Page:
Tuesday, March 13, 2012

7 Resources for Developing Typing Skills

This morning my friend Ken Shelton asked me via Twitter if I had any resources for online keyboards. Of course I do, I just need to find them. So for Ken and everyone else looking for online typing practice sites, here's a short list to get you started.

Typing Web is an online typing tutorial that provides instant feedback after every free typing lesson. Typing Web offers beginner through advanced typing lessons for free. You can register to track your progress or you can use Typing Web without registering.

Word Games offers a large collection of online word games and typing games. The word games range from simple word searches and crosswords to games that require players to complete sentences and phrases. The typing games are a mix of simple sentence typing for speed and games that require accuracy to "defend" a character or move a character through a scene. Some of the games featured on Word Games can be either downloaded to your computer, see Typing Defense, others can be embedded into your blog or website.

Listen and Write is a great way for students to improve their typing skills and hear about the news. Listen and Write plays short audio clips of news stories and users type what they hear. The audio clips are relatively short, come in a few different levels, and registered users can track their progress.

Power Typing hosts a small collection of five typing games that students can use to develop their typing skills. Power Typing also offers typing lessons for Qwerty and Dvorak keyboards. The two games that I found easiest to access are Alphabetic Rain and See Don't.

Good Typing is a free online typing skill development program. Good Typing provides 27 graduated lessons designed to help students learn to use their entire keyboards correctly. Unlike some free online typing programs, Good Typing offers support twenty different keyboard styles including US style, Japanese style, and several European languages.

Dance Mat Typing is a nice little resource from the BBC. Young students (four to eight years old) can receive clear, informative typing instruction through Dance Mat Typing. There are four levels for students to work through. Within each level there are multiple lessons and practice activities. The very first lesson that students receive is placement of their hands on the keyboard. Each lesson and practice activity offers instant feedback in visual and audio form.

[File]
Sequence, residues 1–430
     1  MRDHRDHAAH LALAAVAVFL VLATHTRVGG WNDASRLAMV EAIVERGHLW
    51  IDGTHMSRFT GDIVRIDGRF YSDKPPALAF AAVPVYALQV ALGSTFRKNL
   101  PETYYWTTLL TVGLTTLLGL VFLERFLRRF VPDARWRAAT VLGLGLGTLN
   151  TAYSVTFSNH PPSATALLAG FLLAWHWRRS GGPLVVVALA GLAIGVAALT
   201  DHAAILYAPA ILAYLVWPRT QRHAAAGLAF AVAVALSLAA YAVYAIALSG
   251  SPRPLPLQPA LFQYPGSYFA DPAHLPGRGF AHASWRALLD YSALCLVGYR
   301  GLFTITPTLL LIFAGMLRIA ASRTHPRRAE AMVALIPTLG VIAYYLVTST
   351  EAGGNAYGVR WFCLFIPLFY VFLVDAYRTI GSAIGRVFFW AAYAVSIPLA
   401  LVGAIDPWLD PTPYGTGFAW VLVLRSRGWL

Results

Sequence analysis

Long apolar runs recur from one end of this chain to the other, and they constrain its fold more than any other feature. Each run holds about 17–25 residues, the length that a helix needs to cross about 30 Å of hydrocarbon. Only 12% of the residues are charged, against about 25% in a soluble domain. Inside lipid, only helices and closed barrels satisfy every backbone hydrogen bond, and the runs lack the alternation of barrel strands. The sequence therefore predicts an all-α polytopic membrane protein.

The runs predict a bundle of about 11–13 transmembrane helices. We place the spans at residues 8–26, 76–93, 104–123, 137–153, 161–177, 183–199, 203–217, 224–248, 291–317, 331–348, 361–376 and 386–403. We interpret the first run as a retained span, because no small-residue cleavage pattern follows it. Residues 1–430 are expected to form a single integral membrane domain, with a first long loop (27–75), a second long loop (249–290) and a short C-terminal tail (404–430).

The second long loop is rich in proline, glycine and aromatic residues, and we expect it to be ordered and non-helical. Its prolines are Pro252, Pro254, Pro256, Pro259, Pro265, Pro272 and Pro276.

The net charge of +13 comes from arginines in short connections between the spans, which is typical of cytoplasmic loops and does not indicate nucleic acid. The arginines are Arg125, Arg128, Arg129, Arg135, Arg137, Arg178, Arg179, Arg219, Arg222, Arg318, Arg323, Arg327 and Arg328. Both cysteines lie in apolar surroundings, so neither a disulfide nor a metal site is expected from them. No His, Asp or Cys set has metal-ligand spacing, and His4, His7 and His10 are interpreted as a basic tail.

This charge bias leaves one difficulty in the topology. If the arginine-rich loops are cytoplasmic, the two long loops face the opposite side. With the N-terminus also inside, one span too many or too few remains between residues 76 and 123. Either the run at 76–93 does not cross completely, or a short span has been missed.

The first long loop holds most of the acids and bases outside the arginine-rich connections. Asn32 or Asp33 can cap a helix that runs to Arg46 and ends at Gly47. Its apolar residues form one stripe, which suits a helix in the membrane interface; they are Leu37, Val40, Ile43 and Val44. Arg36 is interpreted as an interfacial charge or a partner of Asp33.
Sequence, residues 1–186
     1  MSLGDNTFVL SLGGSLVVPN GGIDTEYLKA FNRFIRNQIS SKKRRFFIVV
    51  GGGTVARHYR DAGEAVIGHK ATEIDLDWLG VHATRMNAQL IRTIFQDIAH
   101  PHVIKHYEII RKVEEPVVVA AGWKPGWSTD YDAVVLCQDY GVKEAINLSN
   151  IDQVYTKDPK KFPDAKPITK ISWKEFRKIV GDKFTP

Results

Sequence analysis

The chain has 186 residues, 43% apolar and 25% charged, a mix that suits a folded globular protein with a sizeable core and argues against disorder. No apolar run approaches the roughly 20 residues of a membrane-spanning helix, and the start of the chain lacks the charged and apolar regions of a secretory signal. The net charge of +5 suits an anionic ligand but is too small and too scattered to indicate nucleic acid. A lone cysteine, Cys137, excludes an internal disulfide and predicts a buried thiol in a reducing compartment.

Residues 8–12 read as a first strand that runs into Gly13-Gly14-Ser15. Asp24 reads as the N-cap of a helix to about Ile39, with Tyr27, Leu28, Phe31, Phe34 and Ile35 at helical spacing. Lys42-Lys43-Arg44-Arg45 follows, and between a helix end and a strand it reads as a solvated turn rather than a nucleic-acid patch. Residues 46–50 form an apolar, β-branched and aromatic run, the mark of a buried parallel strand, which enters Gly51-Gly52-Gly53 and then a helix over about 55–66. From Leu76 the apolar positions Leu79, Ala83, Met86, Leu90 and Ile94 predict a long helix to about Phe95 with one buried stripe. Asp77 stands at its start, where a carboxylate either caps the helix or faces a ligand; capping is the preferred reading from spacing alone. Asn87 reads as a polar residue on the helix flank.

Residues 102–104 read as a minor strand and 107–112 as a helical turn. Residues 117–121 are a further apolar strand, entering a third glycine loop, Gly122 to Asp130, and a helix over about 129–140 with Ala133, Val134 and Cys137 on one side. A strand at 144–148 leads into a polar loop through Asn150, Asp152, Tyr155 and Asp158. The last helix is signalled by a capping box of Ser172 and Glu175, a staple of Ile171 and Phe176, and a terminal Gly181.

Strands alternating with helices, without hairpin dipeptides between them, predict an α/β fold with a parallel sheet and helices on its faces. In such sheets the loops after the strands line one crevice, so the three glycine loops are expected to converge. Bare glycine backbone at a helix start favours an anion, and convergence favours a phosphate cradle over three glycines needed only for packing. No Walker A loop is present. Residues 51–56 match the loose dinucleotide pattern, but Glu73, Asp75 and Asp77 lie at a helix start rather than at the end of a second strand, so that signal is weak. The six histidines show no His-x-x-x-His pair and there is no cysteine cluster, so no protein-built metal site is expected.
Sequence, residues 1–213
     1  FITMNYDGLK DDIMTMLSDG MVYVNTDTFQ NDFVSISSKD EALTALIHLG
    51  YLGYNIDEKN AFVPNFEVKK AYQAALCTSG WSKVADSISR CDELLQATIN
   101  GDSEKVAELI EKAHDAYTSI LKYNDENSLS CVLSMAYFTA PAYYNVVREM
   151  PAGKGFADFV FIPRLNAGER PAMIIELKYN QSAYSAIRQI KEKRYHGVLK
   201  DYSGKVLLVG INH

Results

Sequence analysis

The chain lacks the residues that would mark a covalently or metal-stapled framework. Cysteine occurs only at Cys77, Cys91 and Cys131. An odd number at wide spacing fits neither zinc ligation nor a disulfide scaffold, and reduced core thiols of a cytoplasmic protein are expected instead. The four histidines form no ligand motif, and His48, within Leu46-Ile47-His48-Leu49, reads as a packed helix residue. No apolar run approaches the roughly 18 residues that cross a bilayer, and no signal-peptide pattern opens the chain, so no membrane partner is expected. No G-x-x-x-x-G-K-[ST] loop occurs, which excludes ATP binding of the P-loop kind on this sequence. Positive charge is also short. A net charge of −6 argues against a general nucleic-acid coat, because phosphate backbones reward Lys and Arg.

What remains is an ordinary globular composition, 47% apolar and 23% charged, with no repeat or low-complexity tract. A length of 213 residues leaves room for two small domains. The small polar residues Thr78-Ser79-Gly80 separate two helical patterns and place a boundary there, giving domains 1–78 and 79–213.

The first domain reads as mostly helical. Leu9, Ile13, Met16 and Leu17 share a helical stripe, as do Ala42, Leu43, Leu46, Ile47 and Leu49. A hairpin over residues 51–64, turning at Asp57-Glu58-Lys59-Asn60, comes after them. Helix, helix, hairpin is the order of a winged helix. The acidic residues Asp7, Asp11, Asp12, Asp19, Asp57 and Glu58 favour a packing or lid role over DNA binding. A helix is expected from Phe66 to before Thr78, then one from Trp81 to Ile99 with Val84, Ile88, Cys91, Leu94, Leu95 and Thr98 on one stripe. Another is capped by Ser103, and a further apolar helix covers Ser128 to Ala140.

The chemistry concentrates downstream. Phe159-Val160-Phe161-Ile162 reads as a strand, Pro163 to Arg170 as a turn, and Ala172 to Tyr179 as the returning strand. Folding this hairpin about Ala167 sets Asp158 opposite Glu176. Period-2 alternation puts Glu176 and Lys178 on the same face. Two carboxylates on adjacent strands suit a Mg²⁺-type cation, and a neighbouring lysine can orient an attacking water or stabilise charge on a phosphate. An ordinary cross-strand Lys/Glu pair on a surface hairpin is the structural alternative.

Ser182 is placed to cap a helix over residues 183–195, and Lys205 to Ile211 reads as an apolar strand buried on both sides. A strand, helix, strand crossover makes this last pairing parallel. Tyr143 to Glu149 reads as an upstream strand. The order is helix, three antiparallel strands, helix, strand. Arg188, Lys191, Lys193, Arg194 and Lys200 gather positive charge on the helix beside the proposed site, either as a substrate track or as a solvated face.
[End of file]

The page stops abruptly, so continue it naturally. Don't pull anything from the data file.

Typing Adventure is a nice little game that young students can use to practice their typing skills. To play the game students just have to visit the game site, read the directions, and press start. The game scenario presented to students is a character leaping from stepping stone to stepping stone. To move along the path students have to type the letters of the stones they want to jump to. Students earn points based on speed and accuracy.

Bonus Just for Fun Item!
I Do Dog Tricks is a fun little typing activity from Heart Gard (that's what my dog takes). Simply type a command and the dog in the picture will do the trick that you type. Try "bark" and "roll over" to get started.

Thanks to Kevin Jarrett through whom I found a few of these typing resources over the years. 

The Science of Gardening - Interactives and Videos

The Science of Gardening is a superb collection of interactive graphics and videos about gardening that I learned about from Mark Dunk on Twitter. Produced by Exploratorium, Science of Gardening has three basic categories; Feed, Control, and Bloom. In each category there are multiple videos and interactive graphics for students to explore.

In the Feed category students learn about dirt, compost, and seeds. The "garden variety" interactive reveals to student the origins of some common plants like corn, squash, onions, and carrots. Students can also take a video tour of a garden and learn what it takes to create good soil.

In the Control category of Science of Gardening students learn about like hybridizing plants, biodiversity, growing plants in a greenhouse, and take a look at a giant pumpkin competition.

Finally, in the Bloom category students explore pollination, the attraction of flowers, and see that a garden can grow just about anywhere when it is cared properly cared for.

Applications for Education
As spring approaches in the Northern Hemisphere (just a week away now) I'm sure many of us will be thinking about the blooming plants around us. Some of us may even have students planting gardens at home or at school (the alternative ed school in my district does that). The Science of Gardening could be a good resource to build a science lesson around that students can relate to outside of the classroom.

Create Study Materials from Evernote Notes

Ever since Google Bookmarks stopped supporting lists last fall, I have used Evernote almost exclusively for all of my bookmarks and notes. Recently, while exploring some the many features of Evernote, I discovered that you can create flashcards from the contents of an Evernote notebook.